LGBT Making Progress

Jack Castiglione has worked on civil rights issues in general but focused on LGBT rights beginning in the mid-1970’s when he moved to Long Beach, CA. Specifically, he worked to stop anti-gay violence, assisted people with AIDS, and engaged the Los Angeles Archbishop of the Catholic Church to change the Church’s negative view of LGBT Catholics and of all members of the LGBT community in general. (Read details.)

In working to stop anti-LGBT violence, Mr. Castiglione established a hotline in his home in 1986 and monitored it for 6 years. He interviewed everyone who reported a crime and took those reports to the Chief of Police with whom he served as an advisor for 6 years. He used a comprehensive, three-prong approach which was extremely successful: First, he informed the general public through newspaper articles that anti-gay violence was common in gay-populated areas. Second, he participated in annual police officer sensitivity training programs as a part-time instructor. His goal here was to help create awareness of anti-LGBT violence and the particular and critical problem that Long Beach Police officers did not consistently take anti-LGBT complaints seriously, sometimes refusing to even take a report to acknowledge that the crime happened. And third, he wrote many articles in the gay press, as well as gave talks, to encourage victims to report the crimes against them. Remarkably. within a few years, anti-LGBT crimes dramatically diminished. 

“We have made much progress in Long Beach, in California, and in the nation toward equality. Especially noteworthy is the monumental milestone of achieving our right to marry, which has recently been confirmed by the U.S. Supreme Court.” Mr. Castiglione added, “However, we do not have the luxury of resting on our successes, no matter how many or how monumental they are. It’s much like swimming upstream. There will always be a current against us. We have to thwart the persistent activities of those individuals, private organizations (especially conservative religious groups), and even many local and state governments, that seek to undermine, and reverse our accomplishments. We must even be concerned about our national government agencies that want to repeal every measure of equality thus far obtained. We must be vigilant. We must counter those anti-LGBT forces whenever and wherever they appear.”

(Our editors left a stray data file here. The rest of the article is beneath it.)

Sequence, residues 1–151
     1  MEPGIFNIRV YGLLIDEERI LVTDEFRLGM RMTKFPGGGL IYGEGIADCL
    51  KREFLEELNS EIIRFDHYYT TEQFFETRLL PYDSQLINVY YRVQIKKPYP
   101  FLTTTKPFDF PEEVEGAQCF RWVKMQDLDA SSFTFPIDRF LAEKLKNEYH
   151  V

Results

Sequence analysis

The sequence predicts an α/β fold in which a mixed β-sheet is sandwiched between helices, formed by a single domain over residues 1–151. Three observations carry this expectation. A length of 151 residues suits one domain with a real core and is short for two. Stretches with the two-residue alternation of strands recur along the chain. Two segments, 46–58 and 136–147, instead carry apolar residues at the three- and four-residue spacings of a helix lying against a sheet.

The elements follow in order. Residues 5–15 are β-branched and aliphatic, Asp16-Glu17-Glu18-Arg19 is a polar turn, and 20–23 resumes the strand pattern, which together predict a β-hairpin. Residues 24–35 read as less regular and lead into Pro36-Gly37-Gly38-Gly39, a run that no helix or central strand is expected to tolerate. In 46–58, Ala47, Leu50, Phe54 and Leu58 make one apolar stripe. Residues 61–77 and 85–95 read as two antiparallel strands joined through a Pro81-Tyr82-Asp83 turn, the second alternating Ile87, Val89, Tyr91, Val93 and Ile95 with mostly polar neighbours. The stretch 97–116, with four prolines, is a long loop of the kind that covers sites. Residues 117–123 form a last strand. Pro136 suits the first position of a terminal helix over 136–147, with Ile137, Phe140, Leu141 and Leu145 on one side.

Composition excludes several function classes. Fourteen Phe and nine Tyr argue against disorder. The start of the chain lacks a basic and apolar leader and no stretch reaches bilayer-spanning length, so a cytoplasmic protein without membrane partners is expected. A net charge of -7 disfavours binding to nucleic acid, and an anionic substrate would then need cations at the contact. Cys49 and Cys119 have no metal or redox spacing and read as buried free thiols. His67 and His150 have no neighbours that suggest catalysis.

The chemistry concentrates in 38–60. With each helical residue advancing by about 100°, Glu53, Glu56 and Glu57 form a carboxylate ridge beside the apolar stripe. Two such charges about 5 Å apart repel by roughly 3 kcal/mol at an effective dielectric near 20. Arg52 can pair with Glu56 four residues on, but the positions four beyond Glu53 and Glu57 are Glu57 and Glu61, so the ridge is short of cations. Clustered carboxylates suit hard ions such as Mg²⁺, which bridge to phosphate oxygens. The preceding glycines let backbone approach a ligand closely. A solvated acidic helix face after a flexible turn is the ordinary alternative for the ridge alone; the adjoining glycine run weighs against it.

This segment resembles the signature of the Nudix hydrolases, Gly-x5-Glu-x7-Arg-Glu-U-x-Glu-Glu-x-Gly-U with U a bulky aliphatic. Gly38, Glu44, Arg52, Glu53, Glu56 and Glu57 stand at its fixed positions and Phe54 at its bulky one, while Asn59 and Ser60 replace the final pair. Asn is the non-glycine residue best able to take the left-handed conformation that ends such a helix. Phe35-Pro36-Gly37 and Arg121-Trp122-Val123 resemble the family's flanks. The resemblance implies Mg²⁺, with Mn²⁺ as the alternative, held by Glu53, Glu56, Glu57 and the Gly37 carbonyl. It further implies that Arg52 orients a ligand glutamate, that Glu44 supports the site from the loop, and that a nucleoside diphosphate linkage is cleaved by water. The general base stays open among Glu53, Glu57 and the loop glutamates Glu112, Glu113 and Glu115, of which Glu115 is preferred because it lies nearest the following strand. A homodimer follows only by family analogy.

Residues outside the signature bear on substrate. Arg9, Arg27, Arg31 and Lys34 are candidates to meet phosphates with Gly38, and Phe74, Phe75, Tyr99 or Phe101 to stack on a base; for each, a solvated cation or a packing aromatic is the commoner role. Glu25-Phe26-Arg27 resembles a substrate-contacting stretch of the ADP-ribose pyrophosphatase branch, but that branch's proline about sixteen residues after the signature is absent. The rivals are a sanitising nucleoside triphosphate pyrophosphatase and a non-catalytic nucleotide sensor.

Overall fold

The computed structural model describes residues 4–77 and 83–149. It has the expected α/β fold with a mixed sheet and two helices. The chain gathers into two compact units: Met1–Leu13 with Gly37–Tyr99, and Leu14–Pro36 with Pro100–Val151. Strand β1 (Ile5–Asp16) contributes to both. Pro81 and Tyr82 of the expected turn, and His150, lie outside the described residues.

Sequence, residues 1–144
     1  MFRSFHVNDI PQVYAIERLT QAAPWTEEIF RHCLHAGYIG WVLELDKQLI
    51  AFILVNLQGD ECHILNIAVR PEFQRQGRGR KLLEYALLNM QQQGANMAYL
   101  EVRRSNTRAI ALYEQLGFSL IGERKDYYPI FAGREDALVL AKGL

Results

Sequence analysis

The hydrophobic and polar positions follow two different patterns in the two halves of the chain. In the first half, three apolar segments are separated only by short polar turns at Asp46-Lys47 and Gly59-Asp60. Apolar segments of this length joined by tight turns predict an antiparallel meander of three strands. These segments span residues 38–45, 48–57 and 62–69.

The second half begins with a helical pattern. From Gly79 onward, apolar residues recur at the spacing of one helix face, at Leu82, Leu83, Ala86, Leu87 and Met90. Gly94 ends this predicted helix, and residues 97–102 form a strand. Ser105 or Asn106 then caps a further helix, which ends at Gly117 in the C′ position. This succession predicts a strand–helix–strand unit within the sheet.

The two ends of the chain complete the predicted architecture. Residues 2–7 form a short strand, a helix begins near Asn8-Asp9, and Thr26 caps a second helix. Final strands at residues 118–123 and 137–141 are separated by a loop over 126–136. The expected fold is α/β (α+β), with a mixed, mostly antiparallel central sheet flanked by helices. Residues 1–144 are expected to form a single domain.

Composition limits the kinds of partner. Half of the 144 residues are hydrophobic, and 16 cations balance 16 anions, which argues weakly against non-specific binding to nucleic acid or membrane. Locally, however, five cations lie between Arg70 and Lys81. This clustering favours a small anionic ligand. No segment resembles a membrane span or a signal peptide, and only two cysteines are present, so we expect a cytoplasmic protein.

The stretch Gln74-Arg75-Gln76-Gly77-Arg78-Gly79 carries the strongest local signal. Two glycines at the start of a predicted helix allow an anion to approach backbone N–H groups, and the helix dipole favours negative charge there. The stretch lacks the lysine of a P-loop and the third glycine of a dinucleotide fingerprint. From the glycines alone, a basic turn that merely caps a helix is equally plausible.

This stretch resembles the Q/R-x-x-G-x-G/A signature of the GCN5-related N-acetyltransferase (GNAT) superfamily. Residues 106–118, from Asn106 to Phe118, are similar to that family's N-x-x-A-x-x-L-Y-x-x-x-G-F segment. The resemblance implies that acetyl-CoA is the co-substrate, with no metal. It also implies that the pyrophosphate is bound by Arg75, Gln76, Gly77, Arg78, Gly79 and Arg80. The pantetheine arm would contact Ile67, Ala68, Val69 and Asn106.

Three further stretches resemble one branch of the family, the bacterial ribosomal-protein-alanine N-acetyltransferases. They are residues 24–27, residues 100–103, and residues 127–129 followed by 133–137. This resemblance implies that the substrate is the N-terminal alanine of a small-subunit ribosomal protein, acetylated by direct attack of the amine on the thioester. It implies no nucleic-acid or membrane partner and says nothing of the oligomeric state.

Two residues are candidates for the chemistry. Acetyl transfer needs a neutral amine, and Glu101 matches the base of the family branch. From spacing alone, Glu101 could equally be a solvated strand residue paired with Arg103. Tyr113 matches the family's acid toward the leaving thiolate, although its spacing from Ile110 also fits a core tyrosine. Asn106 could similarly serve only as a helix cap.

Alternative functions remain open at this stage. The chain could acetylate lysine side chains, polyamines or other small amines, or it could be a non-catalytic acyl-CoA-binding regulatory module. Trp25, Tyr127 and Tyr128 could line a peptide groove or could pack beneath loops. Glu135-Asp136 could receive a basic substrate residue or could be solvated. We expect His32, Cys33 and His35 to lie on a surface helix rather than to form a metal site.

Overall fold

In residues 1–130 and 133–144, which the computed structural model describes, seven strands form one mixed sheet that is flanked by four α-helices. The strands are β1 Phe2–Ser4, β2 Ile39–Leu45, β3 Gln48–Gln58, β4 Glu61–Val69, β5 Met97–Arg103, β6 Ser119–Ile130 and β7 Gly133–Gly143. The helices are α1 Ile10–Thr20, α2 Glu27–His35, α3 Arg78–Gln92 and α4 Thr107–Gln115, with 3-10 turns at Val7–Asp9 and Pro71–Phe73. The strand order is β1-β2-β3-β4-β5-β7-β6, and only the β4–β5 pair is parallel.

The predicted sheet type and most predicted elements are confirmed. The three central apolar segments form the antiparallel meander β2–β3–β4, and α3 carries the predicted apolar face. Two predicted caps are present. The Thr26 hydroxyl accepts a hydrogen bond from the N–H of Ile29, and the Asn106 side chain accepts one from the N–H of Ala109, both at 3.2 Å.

A Gay Author Who Stopped Gay-Bashings and Murders

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The Chartreuse Garden: The Horrific Murders of Innocents that Compelled Me to Fight Social Injustice and Hate was just released. In it, Castiglione confronts his obvious choice between maintaining his comfortable and secret gay life, or coming out publicly as a gay man in order to stand up and fight the brutality of hatred directed toward the most vulnerable in our society. <br><br>

We follow Castiglione’s growing up under the rules of his dominating and suppressive mother and surviving a childhood of bullying and beatings. During his young adulthood, he tried to sort out his sexuality, desiring to be straight. Then, an appalling, life-changing event. Roy, an impoverished little boy, begged Castiglione to protect him against those who bullied and beat him. “I will always be there for you, Roy,” Castiglione promised his adoring, innocent buddy. He never believed Roy was in actual danger, nor anticipated the shocking events that followed. <br><br>

Castiglione pledged to never again ignore a call for help. As he began to participate in the gay lifestyle, he became painfully aware of the beatings and murders of gay men in his community of Long Beach, CA, often perpetrated with impunity. He surrendered the security of his closet and publicly vowed to stop violent assaults against LGBTQ people. Here, we follow his journey in developing a successful, systematic approach to stopping hate crimes, which he details and offers to LGBTQ communities everywhere.<br><br>

These are tumultuous times! GayTies honors and supports this hero. Click on the link in the header for buying options. Help Castiglione get the word out that gay people, as President Obama stated, “… are worthy of equal dignity, equal respect, and equal protection under the law.”

Available on Amazon in Kindle and paperback versions.

(A big thanks the FOJ (Friends of Jack) group for putting this site together, Jack)